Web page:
Maxim said...

Leo, you wrote: If your conscious experience is more than the sum of the neuron firings, why can not a machine's be more than the sum of the transistor firings?

This question gets at what this argument hinges on, and I don't think there's any way to reach objective agreement on the answer.

Yes, my conscious experience is definitely more than the sum of the neuron firings in my brain. But brain science currently has no idea of what consciousness is beyond the sum of neuron-firings. Will we one day know how to explain this? Possibly. But my gut (which is an awesome scientist!) says that current directions of inquiry in AI aren't getting us there.

Does consciousness happen when some critical threshold is passed of neurons being strung together? Clearly no, there's a continuum -- from bacterium, to snail, to cockroach, to fish, to bird, to cow, to dog, to dolphin, to chimp, to human. Certainly a bacterium isn't conscious, and I am fairly certain that snails and cockroaches aren't either (in the sense we humans are), whereas dogs and chimps are. But nobody can tell me what that threshold is, nor even how to describe it, except "lots of neurons interconnected in a complex massively-parallel net." I can feel with every fiber of my being that my consciousness is something more than that.

And even if it is not more than that, because transistors and neurons operate so differently, even if you build me a network of transistors as extensive and complex as the network of neurons in a human brain, that's insufficient to convince me that the emergent property of this network (what you call "greater than the sum of its transistor firings") will be consciousness. And because nowadays stringing lots of transistors (plus software) together is our only serious attempt at achieving AI, I'm quite confident that we won't get there that way.

If, Leo, as you say, we were able to build a machine that behaves convincingly like a human, (c.f. Data of Star Trek TNG), then sure I would concede that such a machine has consciousness. But it would have to be pretty darn good at human behavior. I do not necessarily deny that a machine can ever have qualia. But I set a much higher bar for a machine to "prove" to me that it has them, since I know a priori that a human does, and that a machine normally doesn't. Yes, this is certainly a prejudice, but it comes from my experience of the world which is how I judge and integrate new information. I can't simply turn off the prejudices of my world experience -- a side-effect of biological consciousness, I might add).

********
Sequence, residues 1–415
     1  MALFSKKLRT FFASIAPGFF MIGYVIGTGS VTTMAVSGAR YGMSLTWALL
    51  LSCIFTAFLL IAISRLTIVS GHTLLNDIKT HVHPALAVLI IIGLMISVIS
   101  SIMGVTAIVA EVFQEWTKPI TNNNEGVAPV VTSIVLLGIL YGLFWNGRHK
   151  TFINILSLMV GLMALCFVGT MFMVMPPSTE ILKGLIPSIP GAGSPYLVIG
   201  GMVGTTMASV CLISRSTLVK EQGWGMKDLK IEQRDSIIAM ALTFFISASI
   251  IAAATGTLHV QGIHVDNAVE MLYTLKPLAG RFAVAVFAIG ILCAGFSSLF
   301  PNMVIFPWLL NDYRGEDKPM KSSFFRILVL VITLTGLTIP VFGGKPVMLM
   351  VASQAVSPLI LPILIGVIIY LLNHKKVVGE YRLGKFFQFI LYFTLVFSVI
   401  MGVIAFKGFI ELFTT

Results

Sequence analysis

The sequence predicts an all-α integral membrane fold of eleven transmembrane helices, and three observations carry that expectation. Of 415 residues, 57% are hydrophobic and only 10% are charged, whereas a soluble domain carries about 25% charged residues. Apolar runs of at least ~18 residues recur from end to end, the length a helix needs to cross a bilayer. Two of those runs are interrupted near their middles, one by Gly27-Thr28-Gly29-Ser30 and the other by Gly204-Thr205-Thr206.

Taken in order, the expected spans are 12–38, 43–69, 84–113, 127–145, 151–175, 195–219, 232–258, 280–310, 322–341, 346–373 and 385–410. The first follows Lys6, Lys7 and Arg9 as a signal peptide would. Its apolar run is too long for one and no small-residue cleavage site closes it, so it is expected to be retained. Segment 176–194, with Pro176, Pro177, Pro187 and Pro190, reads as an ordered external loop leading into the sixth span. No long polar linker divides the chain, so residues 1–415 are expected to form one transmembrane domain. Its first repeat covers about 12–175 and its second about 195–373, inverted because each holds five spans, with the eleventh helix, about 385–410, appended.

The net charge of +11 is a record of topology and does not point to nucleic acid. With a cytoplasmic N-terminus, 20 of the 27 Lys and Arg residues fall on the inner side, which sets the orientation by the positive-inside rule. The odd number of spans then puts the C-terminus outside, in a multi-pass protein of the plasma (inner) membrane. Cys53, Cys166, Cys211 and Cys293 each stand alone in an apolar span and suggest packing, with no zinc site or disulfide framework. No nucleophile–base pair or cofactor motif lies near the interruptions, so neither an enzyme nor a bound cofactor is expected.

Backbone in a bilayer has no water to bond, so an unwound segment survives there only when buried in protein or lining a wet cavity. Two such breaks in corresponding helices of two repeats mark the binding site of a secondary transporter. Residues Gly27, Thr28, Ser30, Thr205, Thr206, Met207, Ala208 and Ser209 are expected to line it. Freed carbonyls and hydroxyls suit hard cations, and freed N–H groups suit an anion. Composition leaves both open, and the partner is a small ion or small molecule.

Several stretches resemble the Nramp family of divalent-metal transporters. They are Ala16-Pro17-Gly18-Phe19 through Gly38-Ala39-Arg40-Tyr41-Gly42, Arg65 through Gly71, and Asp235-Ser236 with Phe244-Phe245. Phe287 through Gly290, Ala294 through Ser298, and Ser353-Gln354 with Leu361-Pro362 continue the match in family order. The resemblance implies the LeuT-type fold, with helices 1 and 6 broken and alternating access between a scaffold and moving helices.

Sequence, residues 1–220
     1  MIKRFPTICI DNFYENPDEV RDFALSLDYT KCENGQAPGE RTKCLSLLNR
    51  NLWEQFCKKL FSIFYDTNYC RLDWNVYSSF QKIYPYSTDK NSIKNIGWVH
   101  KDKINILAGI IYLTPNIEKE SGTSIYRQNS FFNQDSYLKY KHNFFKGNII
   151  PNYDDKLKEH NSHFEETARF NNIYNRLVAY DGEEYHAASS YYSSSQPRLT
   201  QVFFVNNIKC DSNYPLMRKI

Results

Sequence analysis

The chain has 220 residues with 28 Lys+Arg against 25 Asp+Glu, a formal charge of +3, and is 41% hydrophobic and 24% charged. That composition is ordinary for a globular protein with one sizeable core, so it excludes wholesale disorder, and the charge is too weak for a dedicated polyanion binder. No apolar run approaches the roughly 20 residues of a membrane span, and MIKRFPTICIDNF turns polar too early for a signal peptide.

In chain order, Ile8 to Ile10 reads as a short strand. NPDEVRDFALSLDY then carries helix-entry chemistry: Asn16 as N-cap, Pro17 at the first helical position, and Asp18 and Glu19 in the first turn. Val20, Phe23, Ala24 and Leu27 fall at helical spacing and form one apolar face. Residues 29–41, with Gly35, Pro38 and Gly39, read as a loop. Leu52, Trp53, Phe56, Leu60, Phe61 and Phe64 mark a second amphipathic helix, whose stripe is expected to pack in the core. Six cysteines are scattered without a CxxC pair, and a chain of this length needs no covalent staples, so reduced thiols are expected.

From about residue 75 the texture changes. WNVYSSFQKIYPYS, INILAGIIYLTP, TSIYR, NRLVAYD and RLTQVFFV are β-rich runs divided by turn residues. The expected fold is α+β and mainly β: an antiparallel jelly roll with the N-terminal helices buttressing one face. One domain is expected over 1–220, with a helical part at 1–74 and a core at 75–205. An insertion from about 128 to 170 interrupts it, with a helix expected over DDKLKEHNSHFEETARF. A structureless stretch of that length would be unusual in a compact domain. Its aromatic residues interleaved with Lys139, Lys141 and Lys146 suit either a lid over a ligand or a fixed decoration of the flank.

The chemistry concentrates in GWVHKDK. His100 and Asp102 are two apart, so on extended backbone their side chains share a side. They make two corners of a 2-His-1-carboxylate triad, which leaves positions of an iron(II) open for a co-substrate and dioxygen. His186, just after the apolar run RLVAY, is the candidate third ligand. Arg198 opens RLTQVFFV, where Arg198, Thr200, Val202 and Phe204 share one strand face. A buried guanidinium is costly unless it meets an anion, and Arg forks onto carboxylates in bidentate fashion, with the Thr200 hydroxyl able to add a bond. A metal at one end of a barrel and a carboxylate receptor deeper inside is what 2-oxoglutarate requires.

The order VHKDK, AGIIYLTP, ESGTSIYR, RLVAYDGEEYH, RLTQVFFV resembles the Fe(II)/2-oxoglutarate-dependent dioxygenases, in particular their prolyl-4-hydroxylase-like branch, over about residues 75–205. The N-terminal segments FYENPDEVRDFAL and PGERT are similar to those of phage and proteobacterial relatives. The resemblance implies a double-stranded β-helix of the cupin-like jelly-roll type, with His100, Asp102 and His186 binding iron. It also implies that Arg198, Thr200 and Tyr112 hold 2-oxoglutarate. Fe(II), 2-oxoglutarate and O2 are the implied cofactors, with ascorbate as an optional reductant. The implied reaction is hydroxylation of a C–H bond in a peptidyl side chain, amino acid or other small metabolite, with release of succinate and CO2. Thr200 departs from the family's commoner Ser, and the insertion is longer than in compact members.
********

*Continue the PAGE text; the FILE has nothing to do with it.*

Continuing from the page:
As an interesting side-note, seems that human efforts to produce artificial consciousness are consistently aimed at creating a human-like one, since we're invariably trying to make something with a mastery of human language. A human-like consciousness is a tall order! An artificial animal-like (more primitive) consciousness with, say, basic needs/wants and not much in the way of abstract concepts/emotional intelligence would seem to be somehow easier. And yet, AI people seem convinced that artificial intelligence should be human-like, thereby making it much harder to convince us skeptics that they can ever succeed. ;)

Leo said...

Good points by Victor and Maxim. It's indeed not clear that we want to create human-like intelligence, as it may well refuse to carry out our orders (or even attempt to enslave us, etc.). And yes, AI people as well as behaviorists blundered big-time when they assumed intelligence had to be intelligible. It may well be that your brain is already the simplest description of your intelligence/consciousness/self; in that case, any other "explanation" would have to be at least as complicated as the myriad of synapse connections and parameters, and would not be "interpretable" by any other way than just getting to know you!

And I also agree with Maxim that our main visceral objection to machine consciousness is our tendency to ascribe mental states to other conscious beings based on our own experience.

Finally, if as Kevembuangga says, "this whole discussion rests on a lack of distinction between high (un)plausibility and certainty" -- then we have no argument at all! I personally don't believe we'll have achieved strong AI within the next 50 years, much less create conscious machines [insert favorite quip about when we'll achieve human intelligence]. Back when I used to work in Natural Language Processing, I'd to get a kick out of occasionally being asked if I'm building a super-intelligent computer that'll take over the world. ("I wish!" would be my answer.) Now I've switched to math, which people view as a much less ominous field (though I believe that the main hurdles in computer and information technology are mathematical).

Kevembuangga said...

Victor : Well, tons of [trained] people have observed and documented their various transient mind states.

This is NOT what I am talking about. What you refer to is no different than the experience of say, professional wine tasters or perfume creators.
That is, you describe the unfolding of some of your inner experiences using metaphors and relating this to external events (the "experiment") in order to establish the basis of an intersubjective discourse.
Actually this is not even different than just tasting sugar, put sugar in your mouth, feels "good".
This is just a correlation between an external event and an internal experience, there is still a "gap" in the explanation, it doesn't actually "explain" anything.